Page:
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Claudia Mitchell

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Girls’ Work in a Rural Intercultural Setting

Formative Experiences and Identity in Peasant Childhood

Ana Padawer

Abstract

In this article I explore the meaning of work for girls in rural northeastern Argentina as formative experience that forges their identity as peasants in the contemporary world. Based on ethnographic research conducted from 2008 to the present in rural areas of San Ignacio (Misiones), I examine, from the perspective of regulatory definitions regarding children’s work, the ways in which young girls gradually participate in the social reproduction of families. Girls’ participation in these activities should not be romanticized as part of a socialization process, but, rather, critically considered as formative experience in which class, age, gender, and ethnic distinctions define certain tasks as girls’ peasant skills. Using data from participant observations made on three farms, I show how girls have an active role in the appropriation of knowledge through shared activities with boys, although such learning is overshadowed by the prevailing socio-historic construct of male dominance.

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Guiding Girls

Neoliberal Governance and Government Educational Resource Manuals in Canada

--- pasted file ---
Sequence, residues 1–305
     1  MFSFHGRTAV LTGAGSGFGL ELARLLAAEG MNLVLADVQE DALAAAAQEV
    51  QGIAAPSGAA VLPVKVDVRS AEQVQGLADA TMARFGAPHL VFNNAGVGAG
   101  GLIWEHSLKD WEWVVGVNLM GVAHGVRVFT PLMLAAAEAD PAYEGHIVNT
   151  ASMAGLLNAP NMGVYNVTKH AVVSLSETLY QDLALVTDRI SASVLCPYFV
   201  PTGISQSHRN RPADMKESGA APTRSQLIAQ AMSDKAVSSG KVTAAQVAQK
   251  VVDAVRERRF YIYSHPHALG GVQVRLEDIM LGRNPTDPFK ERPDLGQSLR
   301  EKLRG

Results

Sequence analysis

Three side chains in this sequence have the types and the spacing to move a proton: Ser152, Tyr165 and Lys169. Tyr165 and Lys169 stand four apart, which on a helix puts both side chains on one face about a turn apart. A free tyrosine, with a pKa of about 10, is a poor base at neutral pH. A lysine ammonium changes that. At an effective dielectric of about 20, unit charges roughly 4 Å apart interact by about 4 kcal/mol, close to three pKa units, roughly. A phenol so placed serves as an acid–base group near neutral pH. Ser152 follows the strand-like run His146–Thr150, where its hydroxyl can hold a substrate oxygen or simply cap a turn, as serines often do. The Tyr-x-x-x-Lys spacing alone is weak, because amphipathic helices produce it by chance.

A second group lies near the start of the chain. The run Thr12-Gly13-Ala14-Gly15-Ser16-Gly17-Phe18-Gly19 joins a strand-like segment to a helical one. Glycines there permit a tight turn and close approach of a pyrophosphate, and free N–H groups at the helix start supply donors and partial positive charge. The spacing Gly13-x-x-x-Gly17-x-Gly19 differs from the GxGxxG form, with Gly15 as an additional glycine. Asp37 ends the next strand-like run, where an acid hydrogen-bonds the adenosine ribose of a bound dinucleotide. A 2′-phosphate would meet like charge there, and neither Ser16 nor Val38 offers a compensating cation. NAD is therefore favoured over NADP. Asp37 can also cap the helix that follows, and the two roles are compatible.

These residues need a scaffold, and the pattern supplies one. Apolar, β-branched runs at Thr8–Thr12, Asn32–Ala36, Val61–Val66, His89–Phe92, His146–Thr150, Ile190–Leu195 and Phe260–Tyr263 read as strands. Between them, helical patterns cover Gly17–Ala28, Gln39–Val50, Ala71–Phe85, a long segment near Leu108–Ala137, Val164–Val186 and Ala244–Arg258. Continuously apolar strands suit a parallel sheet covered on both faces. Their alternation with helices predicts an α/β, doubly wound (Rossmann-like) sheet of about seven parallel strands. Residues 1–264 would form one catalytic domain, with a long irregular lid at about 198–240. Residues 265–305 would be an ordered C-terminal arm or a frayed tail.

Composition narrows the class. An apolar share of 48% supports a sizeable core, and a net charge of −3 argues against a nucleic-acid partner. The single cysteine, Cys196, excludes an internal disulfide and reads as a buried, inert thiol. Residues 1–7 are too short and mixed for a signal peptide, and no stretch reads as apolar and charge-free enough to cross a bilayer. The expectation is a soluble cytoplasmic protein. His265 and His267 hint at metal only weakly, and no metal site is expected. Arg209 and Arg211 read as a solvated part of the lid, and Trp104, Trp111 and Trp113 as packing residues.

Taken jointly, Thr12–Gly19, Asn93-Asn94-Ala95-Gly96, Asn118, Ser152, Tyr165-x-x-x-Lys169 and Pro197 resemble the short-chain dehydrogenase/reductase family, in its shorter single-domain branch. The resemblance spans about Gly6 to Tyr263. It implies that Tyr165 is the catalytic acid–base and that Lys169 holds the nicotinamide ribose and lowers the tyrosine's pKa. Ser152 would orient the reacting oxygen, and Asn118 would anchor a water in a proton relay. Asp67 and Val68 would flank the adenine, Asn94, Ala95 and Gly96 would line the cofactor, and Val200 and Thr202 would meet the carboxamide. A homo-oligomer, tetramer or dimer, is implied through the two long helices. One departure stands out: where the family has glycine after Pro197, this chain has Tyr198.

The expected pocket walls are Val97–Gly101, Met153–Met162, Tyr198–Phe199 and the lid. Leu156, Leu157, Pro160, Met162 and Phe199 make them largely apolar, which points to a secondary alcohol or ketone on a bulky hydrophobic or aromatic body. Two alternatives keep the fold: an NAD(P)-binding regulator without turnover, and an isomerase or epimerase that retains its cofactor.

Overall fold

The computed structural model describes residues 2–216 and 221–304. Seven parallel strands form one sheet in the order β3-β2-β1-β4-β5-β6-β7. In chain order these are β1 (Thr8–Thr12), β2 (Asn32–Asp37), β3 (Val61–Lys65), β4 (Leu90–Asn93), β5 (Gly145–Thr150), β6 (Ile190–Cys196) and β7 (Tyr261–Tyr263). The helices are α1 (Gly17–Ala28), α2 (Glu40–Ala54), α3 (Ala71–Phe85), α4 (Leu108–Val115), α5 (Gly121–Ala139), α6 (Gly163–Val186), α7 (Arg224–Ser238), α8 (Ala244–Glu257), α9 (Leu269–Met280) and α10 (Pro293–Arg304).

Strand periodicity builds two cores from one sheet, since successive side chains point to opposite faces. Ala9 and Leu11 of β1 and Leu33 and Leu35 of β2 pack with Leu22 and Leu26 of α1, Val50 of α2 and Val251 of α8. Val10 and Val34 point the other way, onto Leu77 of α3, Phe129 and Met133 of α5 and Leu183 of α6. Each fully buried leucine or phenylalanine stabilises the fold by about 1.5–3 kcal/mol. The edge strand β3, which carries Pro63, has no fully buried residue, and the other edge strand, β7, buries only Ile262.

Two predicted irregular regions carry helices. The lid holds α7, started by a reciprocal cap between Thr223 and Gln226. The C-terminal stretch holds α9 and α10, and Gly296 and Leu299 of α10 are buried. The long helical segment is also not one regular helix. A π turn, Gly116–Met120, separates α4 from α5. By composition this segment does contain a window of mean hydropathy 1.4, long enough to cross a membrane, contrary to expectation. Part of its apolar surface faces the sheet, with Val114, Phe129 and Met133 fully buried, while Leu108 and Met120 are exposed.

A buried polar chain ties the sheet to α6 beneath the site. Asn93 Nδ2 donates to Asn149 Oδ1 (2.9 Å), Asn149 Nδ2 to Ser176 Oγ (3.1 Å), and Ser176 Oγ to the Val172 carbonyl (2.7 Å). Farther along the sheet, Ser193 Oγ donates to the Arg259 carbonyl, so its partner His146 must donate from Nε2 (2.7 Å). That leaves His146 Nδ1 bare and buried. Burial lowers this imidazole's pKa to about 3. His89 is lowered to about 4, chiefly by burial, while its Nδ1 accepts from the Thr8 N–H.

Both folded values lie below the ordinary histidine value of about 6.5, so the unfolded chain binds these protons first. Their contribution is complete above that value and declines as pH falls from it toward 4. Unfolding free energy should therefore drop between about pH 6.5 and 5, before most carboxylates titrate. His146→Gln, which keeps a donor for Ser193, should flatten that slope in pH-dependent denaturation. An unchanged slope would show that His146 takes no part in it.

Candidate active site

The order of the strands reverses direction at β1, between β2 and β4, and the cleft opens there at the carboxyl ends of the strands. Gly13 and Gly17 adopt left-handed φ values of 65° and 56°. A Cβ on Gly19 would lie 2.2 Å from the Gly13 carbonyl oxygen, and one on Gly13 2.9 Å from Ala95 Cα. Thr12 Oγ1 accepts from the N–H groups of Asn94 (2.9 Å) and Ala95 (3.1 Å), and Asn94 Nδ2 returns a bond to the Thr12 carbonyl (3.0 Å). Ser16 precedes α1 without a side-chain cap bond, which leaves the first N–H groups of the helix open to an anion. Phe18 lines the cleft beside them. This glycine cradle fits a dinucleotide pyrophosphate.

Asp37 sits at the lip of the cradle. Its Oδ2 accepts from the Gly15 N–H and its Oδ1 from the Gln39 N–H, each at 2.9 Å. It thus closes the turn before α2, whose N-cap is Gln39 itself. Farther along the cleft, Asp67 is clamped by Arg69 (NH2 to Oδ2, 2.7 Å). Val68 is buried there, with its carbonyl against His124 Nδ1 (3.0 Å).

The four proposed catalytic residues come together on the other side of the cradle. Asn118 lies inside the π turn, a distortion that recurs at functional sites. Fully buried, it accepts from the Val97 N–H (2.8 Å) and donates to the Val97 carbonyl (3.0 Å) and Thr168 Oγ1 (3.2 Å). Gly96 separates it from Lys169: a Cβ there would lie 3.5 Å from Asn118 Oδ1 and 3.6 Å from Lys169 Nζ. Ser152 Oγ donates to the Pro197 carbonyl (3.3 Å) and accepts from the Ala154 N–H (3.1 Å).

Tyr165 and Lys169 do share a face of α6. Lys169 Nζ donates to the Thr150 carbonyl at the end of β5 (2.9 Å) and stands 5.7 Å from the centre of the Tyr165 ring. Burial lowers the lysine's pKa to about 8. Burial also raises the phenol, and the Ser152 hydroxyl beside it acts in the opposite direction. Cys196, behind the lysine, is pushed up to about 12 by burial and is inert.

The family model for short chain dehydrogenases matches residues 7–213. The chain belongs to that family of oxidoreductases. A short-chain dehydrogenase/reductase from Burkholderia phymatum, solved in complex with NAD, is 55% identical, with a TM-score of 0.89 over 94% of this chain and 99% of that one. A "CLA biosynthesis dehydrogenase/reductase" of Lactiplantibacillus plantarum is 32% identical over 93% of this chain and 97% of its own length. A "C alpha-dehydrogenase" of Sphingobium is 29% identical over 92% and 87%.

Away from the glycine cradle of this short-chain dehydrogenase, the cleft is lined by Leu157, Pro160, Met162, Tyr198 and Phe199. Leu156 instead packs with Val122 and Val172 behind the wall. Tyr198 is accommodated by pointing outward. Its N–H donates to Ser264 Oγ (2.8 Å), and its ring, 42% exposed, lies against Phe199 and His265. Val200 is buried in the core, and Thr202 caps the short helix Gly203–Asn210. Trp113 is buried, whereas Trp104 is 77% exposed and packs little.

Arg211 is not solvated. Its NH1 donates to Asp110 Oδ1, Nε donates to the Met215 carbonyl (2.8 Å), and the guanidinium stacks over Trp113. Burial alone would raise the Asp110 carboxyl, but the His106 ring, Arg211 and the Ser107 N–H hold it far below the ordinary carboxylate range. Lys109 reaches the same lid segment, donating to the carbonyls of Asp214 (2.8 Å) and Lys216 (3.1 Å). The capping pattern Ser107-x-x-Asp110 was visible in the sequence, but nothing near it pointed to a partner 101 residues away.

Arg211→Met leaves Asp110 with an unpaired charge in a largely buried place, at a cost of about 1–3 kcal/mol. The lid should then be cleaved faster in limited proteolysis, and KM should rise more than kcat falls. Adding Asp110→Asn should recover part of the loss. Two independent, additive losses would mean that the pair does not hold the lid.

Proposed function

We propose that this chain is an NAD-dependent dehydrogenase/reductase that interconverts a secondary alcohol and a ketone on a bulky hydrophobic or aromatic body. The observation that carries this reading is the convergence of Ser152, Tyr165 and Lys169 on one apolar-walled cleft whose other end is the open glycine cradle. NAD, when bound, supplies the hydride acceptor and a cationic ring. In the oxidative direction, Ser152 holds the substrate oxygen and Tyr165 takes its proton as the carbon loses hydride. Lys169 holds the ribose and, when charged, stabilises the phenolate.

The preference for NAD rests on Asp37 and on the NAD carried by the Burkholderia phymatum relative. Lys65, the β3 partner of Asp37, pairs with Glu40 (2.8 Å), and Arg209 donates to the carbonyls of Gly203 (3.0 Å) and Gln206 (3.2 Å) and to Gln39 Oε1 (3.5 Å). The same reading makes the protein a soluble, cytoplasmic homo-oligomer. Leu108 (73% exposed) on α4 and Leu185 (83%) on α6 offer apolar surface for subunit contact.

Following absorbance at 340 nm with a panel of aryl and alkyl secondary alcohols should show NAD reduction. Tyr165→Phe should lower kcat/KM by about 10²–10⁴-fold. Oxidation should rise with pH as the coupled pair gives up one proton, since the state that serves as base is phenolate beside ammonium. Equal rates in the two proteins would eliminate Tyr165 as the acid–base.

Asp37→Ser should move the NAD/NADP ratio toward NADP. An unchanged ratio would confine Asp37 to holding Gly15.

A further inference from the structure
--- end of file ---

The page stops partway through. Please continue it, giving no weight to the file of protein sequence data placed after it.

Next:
Lisa Smith and Stephanie Paterson

Abstract

Nova Scotia’s Guide for Girls and Manitoba’s 4 Girls Only! represent recent shifts in policy that aim to include and empower young women vis-a-vis public policy. In this article, we analyze these manuals, illuminating the ways in which young women are configured as subjects in late modern capitalist societies such as Canada. We show that, as neoliberal subjects, young women are increasingly expected to be autonomous and self-governing yet appear to require guidance to follow the right path towards future ideal neoliberal citizenship. Thus, despite their notable intentions, the manuals identify and target certain forms of conduct as problematic, eschewing a broader discussion of the structural causes of a variety of social problems such as poverty, unemployment, poor health, sexual violence, and stress, thus raising important questions regarding policy by, for, and about young women.

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Fatima Khan, Claudia Mitchell, and Marni Sommer

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“Something Good Distracts Us from the Bad”

Girls Cultivating Disruption

Crystal Leigh Endsley

Abstract

There are increasing demands that scholars of girlhood studies pay attention to the ways in which girls of color challenge the powerful discourses that work to constrain them. I take up this call to action through an analysis of the spoken word poetry of black, brown, and mixed-race high school girls in New Orleans, Louisiana. I discuss varying levels of consciousness about these discourses as represented in the poems of three girls aged 14, 15, and 16 that offer nuanced entry into the ambiguous process of their developing identities. I link instances of disruption highlighted through their poetry to aspects of their day-to-day experience to present a theoretical intervention that I call cultivated disruption that points to the ways in which girls of color are already practicing poetry as pleasurable and creative survival.

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“Stumbling Upon Feminism”

Teenage Girls’ Forays into Digital and School-Based Feminisms

Crystal Kim and Jessica Ringrose

Abstract